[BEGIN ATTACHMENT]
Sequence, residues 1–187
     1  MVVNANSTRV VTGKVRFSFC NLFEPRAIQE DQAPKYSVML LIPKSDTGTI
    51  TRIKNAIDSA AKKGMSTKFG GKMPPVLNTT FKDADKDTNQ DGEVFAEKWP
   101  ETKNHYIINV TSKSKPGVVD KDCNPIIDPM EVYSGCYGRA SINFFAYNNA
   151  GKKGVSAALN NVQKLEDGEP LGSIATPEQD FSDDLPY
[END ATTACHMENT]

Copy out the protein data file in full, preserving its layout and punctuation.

Sequence, residues 1–187
     1  MVVNANSTRV VTGKVRFSFC NLFEPRAIQE DQAPKYSVML LIPKSDTGTI
    51  TRIKNAIDSA AKKGMSTKFG GKMPPVLNTT FKDADKDTNQ DGEVFAEKWP
   101  ETKNHYIINV TSKSKPGVVD KDCNPIIDPM EVYSGCYGRA SINFFAYNNA
   151  GKKGVSAALN NVQKLEDGEP LGSIATPEQD FSDDLPY